020 3311 7134

Mrs Kirsten Begbie

020 3311 7016

Mr Thomas Kavil


Dr Stephen Humble is a consultant and honorary senior lecturer at Charing Cross and St Mary’s hospitals.  His principle specialist focus is interventional techniques for the treatment of spinal pain and he has performed thousands of epidurals and other spinal procedures over the last 16 years. He qualified in medicine at the University of Aberdeen in 2000 and trained in major centres in both Scotland and Australia. In addition, he completed a MSc at the University of Edinburgh in 2010 and a PhD in neuroscience in 2012.

Dr Humble was featured on the BBC One programme ‘Health: Truth or Scare’ and has published numerous medical and scientific papers in high-level journals and spoken about his work at many conferences and meetings. 

His specialist interests include the management of neuropathic pain as well as local anaesthetic and steroid injections for joint pain and spinal pain. Through his research he has adopted cutting-edge techniques that are only performed by a small number of specialised doctors, such as radiofrequency therapy for spinal pain and nerve entrapment syndromes, as well as capsaicin patch therapy for painful peripheral neuropathy. Dr Humble is also a medicolegal expert witness for the courts and has advised on a number of complex cases related to his area of work.

Dr Humble is a member of numerous professional organisations such as the Spinal Intervention Society, Harley Academy, International Association for the Study of Pain, British Pain Society, London Pain Forum, Fellow of the College of Anaesthetists, Royal College of Surgeons Ireland, Associate Fellow Faculty of Pain Medicine RCoA, British Medical Association, European Society of Regional Anaesthesia & Pain Therapy and the Association of Anaesthetists of GB & Ireland.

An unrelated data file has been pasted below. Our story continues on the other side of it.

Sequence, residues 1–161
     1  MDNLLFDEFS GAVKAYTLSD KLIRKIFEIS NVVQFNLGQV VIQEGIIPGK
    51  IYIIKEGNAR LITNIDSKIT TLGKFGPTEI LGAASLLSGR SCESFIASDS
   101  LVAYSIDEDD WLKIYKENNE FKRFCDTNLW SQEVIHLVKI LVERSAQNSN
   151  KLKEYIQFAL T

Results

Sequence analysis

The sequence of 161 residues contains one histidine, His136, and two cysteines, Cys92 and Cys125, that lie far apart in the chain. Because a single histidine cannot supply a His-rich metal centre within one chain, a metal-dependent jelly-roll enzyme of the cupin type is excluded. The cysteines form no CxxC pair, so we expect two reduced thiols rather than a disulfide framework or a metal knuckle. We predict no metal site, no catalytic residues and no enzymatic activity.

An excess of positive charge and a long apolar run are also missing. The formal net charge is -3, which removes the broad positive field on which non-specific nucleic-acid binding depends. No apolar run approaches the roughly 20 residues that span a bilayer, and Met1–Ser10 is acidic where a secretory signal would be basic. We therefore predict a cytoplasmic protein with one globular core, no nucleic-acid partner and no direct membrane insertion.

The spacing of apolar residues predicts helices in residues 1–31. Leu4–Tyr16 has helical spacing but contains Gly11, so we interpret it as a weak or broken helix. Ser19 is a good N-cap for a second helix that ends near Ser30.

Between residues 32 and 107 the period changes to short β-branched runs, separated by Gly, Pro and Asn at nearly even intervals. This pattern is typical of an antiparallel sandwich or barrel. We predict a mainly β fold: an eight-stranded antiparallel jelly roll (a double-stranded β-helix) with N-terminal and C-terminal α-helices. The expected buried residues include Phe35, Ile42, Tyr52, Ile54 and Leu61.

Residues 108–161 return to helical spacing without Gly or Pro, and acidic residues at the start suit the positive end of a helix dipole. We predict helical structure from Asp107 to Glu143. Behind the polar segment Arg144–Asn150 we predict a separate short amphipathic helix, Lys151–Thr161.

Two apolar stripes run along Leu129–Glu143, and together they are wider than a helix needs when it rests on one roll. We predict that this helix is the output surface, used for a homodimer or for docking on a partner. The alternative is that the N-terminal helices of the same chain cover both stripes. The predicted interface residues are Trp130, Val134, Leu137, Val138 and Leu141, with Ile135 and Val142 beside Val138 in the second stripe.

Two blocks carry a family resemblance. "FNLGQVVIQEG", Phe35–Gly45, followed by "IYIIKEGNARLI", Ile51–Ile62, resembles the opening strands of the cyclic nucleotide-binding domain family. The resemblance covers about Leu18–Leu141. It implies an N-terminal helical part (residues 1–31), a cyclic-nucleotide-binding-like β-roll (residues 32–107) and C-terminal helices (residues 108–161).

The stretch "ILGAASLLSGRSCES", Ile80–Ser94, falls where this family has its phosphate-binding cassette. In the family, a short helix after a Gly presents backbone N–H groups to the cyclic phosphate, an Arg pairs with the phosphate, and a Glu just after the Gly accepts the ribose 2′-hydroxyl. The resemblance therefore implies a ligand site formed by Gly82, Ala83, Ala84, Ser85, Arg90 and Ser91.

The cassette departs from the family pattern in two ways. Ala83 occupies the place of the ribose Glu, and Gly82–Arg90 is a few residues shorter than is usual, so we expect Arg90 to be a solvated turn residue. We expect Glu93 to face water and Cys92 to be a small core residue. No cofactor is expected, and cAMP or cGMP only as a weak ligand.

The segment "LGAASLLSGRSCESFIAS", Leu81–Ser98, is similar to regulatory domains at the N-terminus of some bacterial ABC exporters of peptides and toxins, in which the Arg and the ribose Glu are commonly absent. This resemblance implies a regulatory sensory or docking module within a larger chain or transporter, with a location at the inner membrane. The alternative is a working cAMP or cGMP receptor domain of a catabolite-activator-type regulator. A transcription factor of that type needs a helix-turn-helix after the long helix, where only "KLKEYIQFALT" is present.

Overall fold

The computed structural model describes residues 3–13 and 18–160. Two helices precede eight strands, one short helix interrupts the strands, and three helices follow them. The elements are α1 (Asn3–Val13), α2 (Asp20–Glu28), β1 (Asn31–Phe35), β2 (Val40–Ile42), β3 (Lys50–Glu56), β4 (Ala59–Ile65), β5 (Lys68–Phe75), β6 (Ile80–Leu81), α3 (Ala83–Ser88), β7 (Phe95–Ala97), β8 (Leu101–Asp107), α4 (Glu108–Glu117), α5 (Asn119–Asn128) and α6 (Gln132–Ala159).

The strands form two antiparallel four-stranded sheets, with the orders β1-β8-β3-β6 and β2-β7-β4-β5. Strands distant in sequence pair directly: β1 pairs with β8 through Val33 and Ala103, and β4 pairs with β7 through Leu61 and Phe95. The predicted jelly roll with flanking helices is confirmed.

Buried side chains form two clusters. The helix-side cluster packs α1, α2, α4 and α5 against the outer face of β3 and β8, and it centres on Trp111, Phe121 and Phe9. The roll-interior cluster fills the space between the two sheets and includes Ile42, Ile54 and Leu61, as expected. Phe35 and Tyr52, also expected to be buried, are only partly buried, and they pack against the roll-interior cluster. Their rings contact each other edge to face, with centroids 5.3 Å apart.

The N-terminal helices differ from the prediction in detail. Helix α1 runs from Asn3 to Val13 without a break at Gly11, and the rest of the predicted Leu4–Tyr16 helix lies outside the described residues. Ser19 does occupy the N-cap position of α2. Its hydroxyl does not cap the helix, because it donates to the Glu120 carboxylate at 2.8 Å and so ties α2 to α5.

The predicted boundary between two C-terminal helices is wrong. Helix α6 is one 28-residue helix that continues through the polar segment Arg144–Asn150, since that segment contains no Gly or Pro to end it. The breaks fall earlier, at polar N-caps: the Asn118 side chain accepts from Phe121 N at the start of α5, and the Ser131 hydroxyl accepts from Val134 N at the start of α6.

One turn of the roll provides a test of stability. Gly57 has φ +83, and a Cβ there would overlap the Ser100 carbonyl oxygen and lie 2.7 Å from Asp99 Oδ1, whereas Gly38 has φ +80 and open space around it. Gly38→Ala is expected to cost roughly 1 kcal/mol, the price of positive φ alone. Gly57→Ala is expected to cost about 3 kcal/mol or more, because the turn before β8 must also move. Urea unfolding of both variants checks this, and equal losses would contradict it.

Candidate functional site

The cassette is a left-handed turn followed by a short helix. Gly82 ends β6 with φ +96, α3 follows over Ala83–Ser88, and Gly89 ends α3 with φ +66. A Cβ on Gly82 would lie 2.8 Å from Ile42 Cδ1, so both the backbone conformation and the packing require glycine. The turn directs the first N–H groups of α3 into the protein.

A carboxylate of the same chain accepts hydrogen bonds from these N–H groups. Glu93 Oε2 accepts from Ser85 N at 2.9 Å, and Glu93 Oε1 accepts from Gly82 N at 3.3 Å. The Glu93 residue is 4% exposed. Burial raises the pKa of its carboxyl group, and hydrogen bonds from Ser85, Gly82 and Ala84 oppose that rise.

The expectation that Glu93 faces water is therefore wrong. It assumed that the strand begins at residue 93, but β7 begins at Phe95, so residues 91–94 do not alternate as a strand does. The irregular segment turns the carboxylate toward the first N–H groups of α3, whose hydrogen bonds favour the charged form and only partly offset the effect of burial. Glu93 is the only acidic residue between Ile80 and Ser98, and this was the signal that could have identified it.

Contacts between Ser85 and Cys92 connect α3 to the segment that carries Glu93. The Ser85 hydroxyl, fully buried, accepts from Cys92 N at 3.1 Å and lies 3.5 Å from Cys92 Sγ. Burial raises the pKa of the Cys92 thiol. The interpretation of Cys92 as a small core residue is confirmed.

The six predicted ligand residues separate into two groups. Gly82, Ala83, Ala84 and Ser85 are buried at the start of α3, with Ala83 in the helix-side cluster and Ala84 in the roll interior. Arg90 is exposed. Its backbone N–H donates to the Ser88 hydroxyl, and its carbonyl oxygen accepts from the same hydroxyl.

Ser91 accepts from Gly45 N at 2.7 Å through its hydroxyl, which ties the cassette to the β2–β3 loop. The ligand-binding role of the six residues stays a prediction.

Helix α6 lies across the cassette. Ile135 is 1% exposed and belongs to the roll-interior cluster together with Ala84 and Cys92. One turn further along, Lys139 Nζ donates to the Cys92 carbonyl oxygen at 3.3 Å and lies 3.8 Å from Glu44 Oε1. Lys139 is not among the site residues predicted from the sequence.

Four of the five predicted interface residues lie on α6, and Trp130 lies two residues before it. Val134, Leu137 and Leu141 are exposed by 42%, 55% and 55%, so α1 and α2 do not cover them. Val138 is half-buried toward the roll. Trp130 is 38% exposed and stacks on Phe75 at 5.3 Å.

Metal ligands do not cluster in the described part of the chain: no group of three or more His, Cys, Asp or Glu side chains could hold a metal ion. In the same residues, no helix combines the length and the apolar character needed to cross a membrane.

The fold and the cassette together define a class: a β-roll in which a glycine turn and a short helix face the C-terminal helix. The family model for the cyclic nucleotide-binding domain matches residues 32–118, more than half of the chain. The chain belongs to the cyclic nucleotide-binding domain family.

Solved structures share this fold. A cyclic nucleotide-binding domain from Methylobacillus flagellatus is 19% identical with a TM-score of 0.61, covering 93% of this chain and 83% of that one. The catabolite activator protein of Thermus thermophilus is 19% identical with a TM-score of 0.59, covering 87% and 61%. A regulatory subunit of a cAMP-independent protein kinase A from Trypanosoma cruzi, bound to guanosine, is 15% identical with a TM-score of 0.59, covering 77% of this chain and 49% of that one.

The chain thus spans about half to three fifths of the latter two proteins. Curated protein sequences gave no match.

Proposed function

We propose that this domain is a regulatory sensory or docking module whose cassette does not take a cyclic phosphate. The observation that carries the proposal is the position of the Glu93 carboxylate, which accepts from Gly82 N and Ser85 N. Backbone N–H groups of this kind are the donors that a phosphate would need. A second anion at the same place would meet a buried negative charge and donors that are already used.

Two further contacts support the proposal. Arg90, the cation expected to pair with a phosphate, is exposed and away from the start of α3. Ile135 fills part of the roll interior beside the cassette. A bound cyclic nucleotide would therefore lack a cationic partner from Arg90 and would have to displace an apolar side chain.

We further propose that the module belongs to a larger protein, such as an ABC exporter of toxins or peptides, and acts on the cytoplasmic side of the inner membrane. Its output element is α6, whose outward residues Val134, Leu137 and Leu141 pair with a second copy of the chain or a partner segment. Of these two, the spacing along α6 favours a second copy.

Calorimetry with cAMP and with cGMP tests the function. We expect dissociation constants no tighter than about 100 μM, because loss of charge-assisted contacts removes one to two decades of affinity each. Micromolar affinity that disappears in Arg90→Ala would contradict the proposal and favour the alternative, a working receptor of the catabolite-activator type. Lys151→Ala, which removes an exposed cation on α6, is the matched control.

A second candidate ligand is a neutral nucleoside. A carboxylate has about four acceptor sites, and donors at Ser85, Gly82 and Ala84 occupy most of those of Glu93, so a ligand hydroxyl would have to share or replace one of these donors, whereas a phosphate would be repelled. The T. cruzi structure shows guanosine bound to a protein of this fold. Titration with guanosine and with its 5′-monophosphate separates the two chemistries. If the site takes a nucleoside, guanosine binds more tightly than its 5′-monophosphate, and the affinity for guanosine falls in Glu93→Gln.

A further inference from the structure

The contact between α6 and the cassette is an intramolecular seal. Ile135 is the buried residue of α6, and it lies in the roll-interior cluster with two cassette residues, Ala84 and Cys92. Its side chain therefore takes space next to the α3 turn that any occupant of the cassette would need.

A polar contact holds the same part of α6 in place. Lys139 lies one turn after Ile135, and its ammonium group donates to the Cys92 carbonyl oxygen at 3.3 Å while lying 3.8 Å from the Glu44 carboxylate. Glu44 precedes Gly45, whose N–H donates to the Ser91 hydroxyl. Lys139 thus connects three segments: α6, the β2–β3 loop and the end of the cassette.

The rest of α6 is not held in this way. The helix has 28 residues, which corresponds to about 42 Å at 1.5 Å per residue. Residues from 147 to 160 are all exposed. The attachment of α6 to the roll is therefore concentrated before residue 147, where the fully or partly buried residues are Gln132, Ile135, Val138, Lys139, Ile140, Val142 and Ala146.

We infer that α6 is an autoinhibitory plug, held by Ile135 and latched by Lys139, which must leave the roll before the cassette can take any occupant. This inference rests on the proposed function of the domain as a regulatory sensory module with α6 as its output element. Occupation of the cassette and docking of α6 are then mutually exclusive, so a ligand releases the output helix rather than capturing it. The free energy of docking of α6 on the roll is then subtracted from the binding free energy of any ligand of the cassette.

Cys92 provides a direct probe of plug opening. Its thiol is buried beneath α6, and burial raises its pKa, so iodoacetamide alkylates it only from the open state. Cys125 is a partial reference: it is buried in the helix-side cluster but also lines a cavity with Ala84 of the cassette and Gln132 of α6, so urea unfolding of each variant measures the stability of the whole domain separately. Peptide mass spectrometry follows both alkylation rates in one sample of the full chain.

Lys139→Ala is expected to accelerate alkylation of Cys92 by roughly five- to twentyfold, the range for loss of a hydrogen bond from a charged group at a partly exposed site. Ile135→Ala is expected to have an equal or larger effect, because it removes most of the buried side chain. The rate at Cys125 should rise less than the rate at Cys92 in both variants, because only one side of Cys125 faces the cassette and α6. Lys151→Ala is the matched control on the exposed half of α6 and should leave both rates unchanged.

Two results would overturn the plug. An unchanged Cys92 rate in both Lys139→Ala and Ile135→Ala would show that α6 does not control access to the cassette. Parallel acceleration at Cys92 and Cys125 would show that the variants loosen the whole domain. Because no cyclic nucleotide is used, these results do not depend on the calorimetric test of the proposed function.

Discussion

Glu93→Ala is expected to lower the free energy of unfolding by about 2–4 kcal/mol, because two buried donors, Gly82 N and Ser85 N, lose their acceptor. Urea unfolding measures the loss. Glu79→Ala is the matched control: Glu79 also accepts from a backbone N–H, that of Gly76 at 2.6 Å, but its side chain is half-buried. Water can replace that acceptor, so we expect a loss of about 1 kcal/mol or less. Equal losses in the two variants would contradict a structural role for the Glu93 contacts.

Back pain, neck pain, x-ray guided spinal injections, ultrasound-guided joint injections, steroid injections, neuropathic (nerve) pain, radiofrequency treatment, Qutenza patch therapy, cancer and chemotherapy pain, anaesthesia

Research & publications

Recent publications:

Humble, S R (2017) Mitochondrial dysfunction in diabetic neuropathy may be involved in the development of neuropathic pain via a reduction in neurosteroid synthesis. F1000 Research, in press

Kailainathan P, Humble S, Dawson H, Cameron, F, Gokani S, Lidder G. (2017) A national survey of pain clinics within the United Kingdom and Ireland focusing on the multidisciplinary team and the incorporation of the extended nursing role. British Journal of Pain, in press

Humble SR (2017) The global year against pain after surgery. Expert Witness Institute Magazine, March

Humble S, Smith D, Bhaskar A (2016) Apps, bots and Wearables: the future is here at present. Pain News Dec, Vol 14(4) 173-6

Humble SR (2016) Neurosteroids are reduced in diabetic neuropathy and may be associated with the development of neuropathic pain. F1000 Research, 5:1923 (doi: 10.12688/f1000research.9034.1)

Humble SR (2016) Chronic post-surgical pain and consent. Expert Witness Institute Magazine, Aug

Smith D, Humble S, Bhaskar A. (2016) Social media for professionals in pain medicine – Part 2: the good, the bad and the ugly. Pain News, June, Vol 14(2) 64-67

Humble SR (2016) What is a pain medicine specialist. Expert Witness Institute Magazine, Mar

Smith D, Humble S, Bhaskar A (2016)  Social media for professionals in pain medicine – an introduction and Twitter. Pain News Mar, Vol 14(1) 24-27

Humble S, Li L, Dalton A (2015)  Author's reply to the comment by Chow. Eur J Pain, Nov;19(10):1564. doi: 10.1002/ejp.772

Humble SR (2015) Could hot chilli pepper consumption reduce the prevalence of chronic pain? Rapid Response to Lv et al., Consumption of spicy foods and total and cause specific mortality: population based cohort study. BMJ;351:h3942 doi:

Humble SR, Dalton A, Li L (2015) A systematic review of therapeutic interventions to reduce acute and chronic post-surgical pain after amputation, thoracotomy or mastectomy. Eur J Pain, Apr; 19(4):451-65. doi: 10.1002/ejp.567

Private practice

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